SUMMARY: Two cowboys spend their days in the shelter of a large rock but at night they venture into the sexual bazaar of the town.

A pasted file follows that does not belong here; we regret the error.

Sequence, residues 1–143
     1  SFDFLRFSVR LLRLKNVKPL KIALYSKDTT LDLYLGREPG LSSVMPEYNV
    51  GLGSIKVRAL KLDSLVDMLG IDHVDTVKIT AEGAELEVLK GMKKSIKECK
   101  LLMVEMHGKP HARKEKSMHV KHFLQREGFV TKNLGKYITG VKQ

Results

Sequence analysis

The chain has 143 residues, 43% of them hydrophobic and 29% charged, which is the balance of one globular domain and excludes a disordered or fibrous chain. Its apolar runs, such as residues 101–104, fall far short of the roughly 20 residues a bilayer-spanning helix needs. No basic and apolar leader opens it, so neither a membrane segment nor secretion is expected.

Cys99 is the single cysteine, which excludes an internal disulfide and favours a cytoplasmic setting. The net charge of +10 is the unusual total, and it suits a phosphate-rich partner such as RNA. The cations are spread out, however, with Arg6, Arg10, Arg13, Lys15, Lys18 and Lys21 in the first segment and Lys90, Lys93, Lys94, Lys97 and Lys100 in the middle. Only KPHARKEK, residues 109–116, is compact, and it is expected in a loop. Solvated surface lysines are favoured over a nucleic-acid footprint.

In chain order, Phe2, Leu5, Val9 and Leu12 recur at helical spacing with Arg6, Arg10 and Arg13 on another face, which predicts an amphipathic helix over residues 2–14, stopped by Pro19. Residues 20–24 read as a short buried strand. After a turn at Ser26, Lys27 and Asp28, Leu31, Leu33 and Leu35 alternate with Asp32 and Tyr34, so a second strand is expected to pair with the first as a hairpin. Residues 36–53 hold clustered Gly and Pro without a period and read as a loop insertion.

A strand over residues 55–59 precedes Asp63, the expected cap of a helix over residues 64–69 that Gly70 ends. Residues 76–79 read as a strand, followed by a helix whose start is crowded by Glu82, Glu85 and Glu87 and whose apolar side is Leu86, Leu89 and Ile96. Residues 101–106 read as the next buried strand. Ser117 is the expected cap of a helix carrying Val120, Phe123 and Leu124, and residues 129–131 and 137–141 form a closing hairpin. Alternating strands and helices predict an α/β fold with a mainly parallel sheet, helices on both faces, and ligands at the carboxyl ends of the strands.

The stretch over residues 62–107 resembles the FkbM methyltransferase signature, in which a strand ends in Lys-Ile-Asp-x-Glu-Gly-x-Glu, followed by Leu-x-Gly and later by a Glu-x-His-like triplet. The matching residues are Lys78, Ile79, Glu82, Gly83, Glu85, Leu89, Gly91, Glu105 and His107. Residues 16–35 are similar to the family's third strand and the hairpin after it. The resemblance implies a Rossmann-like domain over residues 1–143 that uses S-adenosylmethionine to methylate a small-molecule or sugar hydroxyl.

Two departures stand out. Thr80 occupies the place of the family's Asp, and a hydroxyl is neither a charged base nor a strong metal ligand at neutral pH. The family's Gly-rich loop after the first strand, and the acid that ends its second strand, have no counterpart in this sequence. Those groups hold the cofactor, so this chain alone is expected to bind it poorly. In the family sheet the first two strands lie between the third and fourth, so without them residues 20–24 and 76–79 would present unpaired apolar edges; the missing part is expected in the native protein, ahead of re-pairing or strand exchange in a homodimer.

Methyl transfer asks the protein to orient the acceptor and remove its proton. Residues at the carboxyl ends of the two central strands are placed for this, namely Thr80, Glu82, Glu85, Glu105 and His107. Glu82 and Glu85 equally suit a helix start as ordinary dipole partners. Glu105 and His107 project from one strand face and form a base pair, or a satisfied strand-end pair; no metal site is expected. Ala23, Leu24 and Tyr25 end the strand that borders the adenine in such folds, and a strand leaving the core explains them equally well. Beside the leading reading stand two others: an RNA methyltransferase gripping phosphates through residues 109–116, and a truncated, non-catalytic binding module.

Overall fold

WHY IT’S HERE: German animator Andreas Hykade’s unflinchingly sexual but visually wonderful ‘Ring of Fire’ is definitely not one to show the children! In many ways, the film feels like a throwback to 70s animation in which sex played a significant part. But ‘Ring of Fire’ is so much more than a series of sexual images or a tribute to a bygone era of animation. This astonishing Western morality play, rendered in stark black and white, is a surrealist, psychedelic feast for the eyes and mind, in which two cowboys are beset with visions of sexual intensity that overwhelm them in different ways. The aggressive, confident cowboy revels in it while his awkward, uncertain counterpart wanders the sexual desert unsure of how to behave. Hykade takes the ludicrous Western genre cliché of women as either saints or whores as a central theme, although one of ‘Ring of Fire’s weaknesses is the impossibility to tell whether he is subverting or perpetuating this narrative tradition. The despoiling of a women whose purity is symbolised by her literally flowing hair is central to the story, as is the bordello of a woman dressed in black who will let in any cowboy who can shoot a hole through a coin. There’s a troubling tendency to define the women by how the men perceive and treat them, although the film can be seen as a fever dream entirely from the point of view of men (or even one man, if we see the two cowboys as elements of the same character) and therefore this would be consistent with the story. Any ideological problems aside, ‘Ring of Fire’ is a visually brilliant piece filled with graphical sexual images on which many different meaning can be hung. Hykade establishes himself as an animator of great talent, although his ambiguous storytelling, like the cowboys in his film, only seems occasionally confident and not always commendable.